Do You Have a Plan to Deal With the Unexpected?

What do you do when something happens ‘out of the blue’ like the other day when my landlord announced they were going to either increase the rent by a whopping 32% or sell the property.  Not that this is the worse thing that can happen to a person, but just the same a significant happening and a major disruption as it means moving not only my business but also my personal life since I operate my business out of my home.  This announcement also came with the landlord in tears on my doorstep as this decision was the consequent of difficult times for them as well.  At the same time I received an email from an acquaintance that was facing possible redundancy and in quite a distressed state and another acquaintance that had just been made redundant and was worried about finding a new position so that they could meet their financial obligations.  It seems no matter where you turn these days people are going through difficult times and having to deal with unexpected ‘out of the blue’ situations.  For many they are stressed to the max and finding it quite difficult to cope with the changes at hand. This got me wondering whether or not people have a plan, a process, or a procedure that they follow in these circumstances or do they find themselves totally at the whim of their emotions?  It would seem the latter for some.  These people often end up distraught, confused, and drained of energy and find themselves making poor decisions that can have repercussions down the track. Below is a strategy that I’ve used when helping clients deal with the unexpected or in situations where I, myself, have had to deal with the unexpected.  You might find it of value too.

  • CALM DOWN.  Breathe deeply.  Long, slow deep breaths will help you to relax.
  • Delay making any immediate decisions.  Seldom is a decision required on the spot.  A delay gives you valuable time that can be used to your advantage.  It gives you time to settle down and think things through to ensure a good decision is made.
  • Deal with your emotions. We are emotional beings so a reaction on this level is normal but it is the emotions that get in the way of clear thinking and good decision making so don’t ignore them.  Give yourself the time required to come to terms with the situation on an emotional level.
  • Ensure you get all the facts in the situation. When we first read or hear about something unexpected our emotions can interfere with our interpretation of the situation.  Once we have calmed down from our initial reaction it is wise to go back and re-read or clarify what was said to ensure we have interpreted the situation correctly.
  • Be solution focused. This requires you to move beyond your emotions and out of victim consciousness.  It means taking responsibility and moving forward rather than sitting in a state of blame, ‘poor me’, hopelessness or any other form of negative emotions.
  • Take time to reflect on the facts and to come up with a range of options.  Be resourceful, flexible and creative in determining your options.  Do think outside the square.  Don’t rush this part of the process for it is in our reflection time that we access the more creative aspects of our minds.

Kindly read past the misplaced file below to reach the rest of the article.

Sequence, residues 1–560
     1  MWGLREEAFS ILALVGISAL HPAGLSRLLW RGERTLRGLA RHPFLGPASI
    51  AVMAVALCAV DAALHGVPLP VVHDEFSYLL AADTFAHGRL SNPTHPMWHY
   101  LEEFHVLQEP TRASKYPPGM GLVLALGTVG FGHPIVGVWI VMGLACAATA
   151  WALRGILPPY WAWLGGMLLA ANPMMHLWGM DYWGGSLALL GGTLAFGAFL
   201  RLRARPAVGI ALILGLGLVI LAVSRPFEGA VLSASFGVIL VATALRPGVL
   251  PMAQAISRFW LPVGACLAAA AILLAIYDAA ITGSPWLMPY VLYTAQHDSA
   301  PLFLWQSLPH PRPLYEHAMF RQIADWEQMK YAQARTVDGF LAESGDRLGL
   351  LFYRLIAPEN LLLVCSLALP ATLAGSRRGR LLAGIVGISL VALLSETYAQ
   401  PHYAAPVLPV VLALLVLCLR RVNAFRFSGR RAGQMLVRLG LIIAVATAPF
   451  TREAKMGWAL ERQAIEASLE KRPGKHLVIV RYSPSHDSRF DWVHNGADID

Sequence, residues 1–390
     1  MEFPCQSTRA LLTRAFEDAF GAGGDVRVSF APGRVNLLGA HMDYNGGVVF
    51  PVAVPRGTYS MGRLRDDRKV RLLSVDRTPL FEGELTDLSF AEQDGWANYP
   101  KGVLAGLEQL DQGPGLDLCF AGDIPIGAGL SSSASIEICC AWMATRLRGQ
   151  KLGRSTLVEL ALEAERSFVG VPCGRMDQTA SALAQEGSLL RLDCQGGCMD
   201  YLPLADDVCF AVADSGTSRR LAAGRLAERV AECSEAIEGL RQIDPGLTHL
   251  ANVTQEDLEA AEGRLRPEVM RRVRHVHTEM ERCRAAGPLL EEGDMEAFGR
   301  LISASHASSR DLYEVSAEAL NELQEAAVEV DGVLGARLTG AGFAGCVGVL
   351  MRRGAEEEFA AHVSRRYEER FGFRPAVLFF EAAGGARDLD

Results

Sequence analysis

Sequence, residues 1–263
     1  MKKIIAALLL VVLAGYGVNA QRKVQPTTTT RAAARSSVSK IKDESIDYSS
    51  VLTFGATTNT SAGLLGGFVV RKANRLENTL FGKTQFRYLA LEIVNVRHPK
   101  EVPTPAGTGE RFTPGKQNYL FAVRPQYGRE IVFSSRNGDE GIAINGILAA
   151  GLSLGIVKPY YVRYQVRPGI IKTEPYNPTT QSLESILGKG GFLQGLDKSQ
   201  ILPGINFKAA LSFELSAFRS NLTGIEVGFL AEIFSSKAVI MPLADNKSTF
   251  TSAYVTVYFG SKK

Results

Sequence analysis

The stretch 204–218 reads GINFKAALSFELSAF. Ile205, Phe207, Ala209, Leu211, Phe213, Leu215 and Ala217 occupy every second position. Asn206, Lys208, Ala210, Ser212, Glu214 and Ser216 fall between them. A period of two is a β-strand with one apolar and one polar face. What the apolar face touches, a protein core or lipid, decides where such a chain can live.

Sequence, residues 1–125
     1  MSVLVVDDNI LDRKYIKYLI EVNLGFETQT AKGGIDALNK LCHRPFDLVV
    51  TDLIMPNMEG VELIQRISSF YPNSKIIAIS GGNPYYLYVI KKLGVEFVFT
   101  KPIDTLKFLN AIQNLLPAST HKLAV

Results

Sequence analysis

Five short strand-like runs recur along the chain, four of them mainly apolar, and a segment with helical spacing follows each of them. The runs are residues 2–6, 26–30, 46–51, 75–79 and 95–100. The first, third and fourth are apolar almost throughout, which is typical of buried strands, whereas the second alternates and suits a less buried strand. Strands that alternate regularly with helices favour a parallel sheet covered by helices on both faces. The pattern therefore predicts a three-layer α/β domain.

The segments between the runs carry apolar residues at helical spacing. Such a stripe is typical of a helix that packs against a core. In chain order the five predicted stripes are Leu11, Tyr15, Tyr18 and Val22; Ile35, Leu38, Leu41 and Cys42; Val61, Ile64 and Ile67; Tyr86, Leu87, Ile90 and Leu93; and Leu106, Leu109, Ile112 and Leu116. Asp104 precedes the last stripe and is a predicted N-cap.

• Take time to reflect and consider the pros and cons of each option and any additional consequences. Imagine what it would be like if you selected a particular option – live it and breathe it in your mind as if it were actually happening.  Do this for each option so that you can really feel what it would be like if you chose to implement that option.  Notice any consequences that you hadn’t as yet thought about.
  • Pay attention to your feelings.  They will provide you with additional information to consider prior to making your decision.  Notice where in your body you feel your feelings and consider what they might mean.  If you dream a lot pay attention to these as well.  From my experience, dreams don’t lie; although they may require some skill in interpreting them correctly.
  • Seek further advice, information and coaching or counseling as required.  This includes assistance to extend the range of your options if you have only come up with a few possibilities.  If you are stuck in your emotions, find someone who can help you in this regard so that you can move forward with a clear mind.

Remember, successful people seek help

when it is required.

Seeking help is not a sign of weakness;

it is a sign of wiseness.

  • Make an informed decision. TRUST your decision will work out for you and proceed with confidence. Things are more likely to work out for you the first time round having following a well thought out plan as described above.

Keep in mind, if things don’t quite work out as expected you will have the benefit of the learning and growth that comes from that.  Seeing things from this perspective allows you to have a positive result regardless of the outcome. Unexpected things can and do happen.  We can’t eliminate these from our life or predict the outcome 100%; however, by following these ideas we can minimize the risk of a poor decision in these situations.  Remember, too, there is always help available.  All we need do is ask for it.


Lynda Moe is a Business Strategist,  Process Based Facilitator, Executive & Leadership Coach & Motivational Speaker who is passionate about collaboratively creating high performing and resilient individuals, teams and organizations. She helps her clients to solve problems, shift mindsets, enhance their performance, resiliency and agility (change, thinking, communication & leadership) in order for them to unleash their positive potential. Contact her here or email if you would like to request a complementary no-obligation meeting with Lynda to discuss your business, team, coaching or facilitation requirements or for her to speak at your next event.


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